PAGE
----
Courageous staging of Ravel operas filled with magic

March 15, 1996|By Stephen Wigler | Stephen Wigler,SUN MUSIC CRITIC

Because Maurice Ravel loved the theater and was infatuated with the new medium of film, it has always been considered something of a pity that he wrote only two short operas, "L'Heure Espagnole" (1911) and "L'Enfant et les Sortileges" (1925). Neither piece is easy to stage, however, and while they are a frequent double bill at most schools of music, it always takes a certain amount of courage to present them as the Peabody Opera Theater is doing this week in Friedberg Concert Hall.

It is hardly a coincidence that the greater of the two pieces, "L'Enfant et les Sortileges," is also the harder to stage. The title translates as "the child and the enchantments," and it is a piece that exists only in the imagination of the naughty child who is the central character furniture and toys come to life, trees and animals talk.

It raises the question of how to play a singing armchair, a talking squirrel and a somewhat dimwitted frog. This is an opera that cries out for the animation filmgoers observed in "Toy Story." "L'Enfant" actually sounds better recorded than it does live: One's imagination is set free to enjoy Ravel's fantastically delicate, whimsical score and to be moved by the pathos of the story.

Nevertheless, Roger Brunyate's staging was still filled with magic. This musical and intelligent director had the good sense to realize that "L'Enfant" would work its magic best if it were relatively unencumbered by sets and costumes. James M. Fouchard's sets allowed the enormous number of characters to enter and exit freely, and John Lehmeyer's excellent costuming made no attempt to make the singers resemble the objects of the child's imagination, but instead to resemble the child, suggesting that they were his imagination.

The best part of the production may have been Carol Bartlett's choreography. It is notoriously difficult to get singers even younger ones to move well. To get most of them to dance (and do it reasonably well), as Bartlett has done, seems little less than a miracle.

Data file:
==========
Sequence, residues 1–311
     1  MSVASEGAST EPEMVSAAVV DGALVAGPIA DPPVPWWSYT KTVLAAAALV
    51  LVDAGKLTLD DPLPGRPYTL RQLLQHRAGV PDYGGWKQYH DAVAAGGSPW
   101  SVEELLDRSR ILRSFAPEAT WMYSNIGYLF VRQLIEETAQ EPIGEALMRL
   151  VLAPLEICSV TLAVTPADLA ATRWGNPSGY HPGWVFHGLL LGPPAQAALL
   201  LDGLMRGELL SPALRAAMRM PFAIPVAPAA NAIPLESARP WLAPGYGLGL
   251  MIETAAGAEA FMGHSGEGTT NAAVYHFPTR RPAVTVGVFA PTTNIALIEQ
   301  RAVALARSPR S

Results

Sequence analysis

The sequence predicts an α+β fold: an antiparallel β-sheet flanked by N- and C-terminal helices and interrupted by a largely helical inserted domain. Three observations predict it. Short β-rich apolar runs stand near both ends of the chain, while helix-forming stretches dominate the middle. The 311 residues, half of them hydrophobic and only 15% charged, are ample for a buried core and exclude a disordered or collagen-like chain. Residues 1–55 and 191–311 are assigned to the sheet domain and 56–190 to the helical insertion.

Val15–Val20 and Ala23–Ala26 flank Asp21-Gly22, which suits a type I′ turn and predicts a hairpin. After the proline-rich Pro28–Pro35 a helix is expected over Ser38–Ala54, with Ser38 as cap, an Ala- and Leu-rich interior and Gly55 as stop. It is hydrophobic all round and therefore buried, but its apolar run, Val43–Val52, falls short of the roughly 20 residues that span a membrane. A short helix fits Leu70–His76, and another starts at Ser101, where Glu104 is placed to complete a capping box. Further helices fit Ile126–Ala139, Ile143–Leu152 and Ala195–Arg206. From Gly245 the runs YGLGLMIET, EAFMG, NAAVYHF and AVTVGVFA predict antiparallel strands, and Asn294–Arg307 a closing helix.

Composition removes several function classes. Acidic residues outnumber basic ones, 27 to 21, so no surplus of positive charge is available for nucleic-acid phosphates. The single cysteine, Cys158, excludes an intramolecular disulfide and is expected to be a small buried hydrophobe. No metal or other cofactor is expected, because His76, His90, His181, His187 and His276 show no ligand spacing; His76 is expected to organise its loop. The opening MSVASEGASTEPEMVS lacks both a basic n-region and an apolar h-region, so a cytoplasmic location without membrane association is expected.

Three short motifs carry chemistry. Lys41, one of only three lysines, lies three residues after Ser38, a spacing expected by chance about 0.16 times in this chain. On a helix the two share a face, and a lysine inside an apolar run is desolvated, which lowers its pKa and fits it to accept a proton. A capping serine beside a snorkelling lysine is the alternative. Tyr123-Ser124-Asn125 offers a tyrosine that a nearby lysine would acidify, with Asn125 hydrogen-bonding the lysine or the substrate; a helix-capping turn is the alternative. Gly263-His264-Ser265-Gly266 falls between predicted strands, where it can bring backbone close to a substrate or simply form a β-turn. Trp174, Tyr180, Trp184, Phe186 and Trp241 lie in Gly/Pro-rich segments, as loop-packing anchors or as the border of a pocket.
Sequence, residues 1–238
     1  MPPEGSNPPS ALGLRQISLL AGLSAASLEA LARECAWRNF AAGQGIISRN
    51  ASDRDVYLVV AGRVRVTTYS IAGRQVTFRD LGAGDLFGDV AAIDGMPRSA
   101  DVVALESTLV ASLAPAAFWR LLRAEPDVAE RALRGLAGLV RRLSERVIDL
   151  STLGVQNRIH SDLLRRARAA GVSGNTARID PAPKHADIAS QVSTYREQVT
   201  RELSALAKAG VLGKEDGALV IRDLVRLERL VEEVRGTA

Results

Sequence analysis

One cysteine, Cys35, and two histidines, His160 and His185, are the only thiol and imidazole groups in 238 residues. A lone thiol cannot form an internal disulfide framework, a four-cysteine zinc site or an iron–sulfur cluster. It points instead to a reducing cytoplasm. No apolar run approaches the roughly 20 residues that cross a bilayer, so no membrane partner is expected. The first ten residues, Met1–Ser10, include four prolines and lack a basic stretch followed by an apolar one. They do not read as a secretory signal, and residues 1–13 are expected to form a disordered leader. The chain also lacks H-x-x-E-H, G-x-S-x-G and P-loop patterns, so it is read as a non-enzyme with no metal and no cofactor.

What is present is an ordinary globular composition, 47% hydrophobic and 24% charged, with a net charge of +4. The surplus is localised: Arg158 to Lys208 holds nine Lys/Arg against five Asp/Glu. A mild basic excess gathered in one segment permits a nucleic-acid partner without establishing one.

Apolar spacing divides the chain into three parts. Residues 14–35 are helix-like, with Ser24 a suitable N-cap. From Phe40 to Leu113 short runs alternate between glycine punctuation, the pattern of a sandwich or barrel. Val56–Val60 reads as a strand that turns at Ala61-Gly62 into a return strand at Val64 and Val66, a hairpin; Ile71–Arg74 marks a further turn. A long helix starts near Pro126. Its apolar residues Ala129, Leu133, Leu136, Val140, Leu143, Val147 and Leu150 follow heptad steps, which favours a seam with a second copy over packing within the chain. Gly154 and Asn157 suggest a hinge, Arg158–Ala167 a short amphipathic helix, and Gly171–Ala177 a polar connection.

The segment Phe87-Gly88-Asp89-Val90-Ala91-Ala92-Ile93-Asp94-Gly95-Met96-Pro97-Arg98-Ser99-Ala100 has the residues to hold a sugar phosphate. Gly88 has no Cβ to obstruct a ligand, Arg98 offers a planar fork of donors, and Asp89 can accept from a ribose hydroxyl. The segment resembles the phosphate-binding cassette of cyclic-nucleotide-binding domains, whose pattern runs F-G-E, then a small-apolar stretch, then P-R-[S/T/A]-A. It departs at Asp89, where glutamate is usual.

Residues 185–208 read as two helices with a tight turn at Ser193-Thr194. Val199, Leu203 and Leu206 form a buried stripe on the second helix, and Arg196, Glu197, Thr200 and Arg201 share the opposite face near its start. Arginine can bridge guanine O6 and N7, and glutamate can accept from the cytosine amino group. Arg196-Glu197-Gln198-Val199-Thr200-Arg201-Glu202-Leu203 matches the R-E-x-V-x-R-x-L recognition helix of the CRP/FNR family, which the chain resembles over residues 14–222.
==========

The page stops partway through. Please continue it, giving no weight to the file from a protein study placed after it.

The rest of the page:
Schools of music probably like to perform "L'Enfant" because its multitude of roles offers so many opportunities for young singers. Nevertheless, these cameos are hard to sing. While not everyone in the cast was equally good, no one was less than competent. Rebecca Pitcher made a flickeringly impressive Fire and Byung-Soon Lee was a touching Princess. In the title role, Haleh Abghari sounded initially too pallid and repressed as the child, but soon warmed up to give a poignant interpretation.

The musically somewhat less interesting "L'Heure Espagnole" also received a lively performance. As Concepcion, the young wife whose initially frustrated but not-to-be-denied determination to cuckold her aging husband triumphs at last, Carole Tracie Luck looked sensational, acted with flair and sang well enough to suggest that a big career may be in her future. As the husband, the student poet and the banker who all fail in one way or another to make Concepcion's clock tick, David Bell, Richard Crawley and David Fry, respectively, acquitted themselves well vocally and comedically. As the mule driver, whose earnest timeliness Concepcion learns to appreciate, Carleton Chambers made a sizable impression.

Conductor Edward Polochick elicited genuine competence from the hard-working student orchestra in Ravel's enormously difficult music.

The performances will be repeated at 7: 30 tonight and tomorrow evening.

Pub Date: 3/15/96

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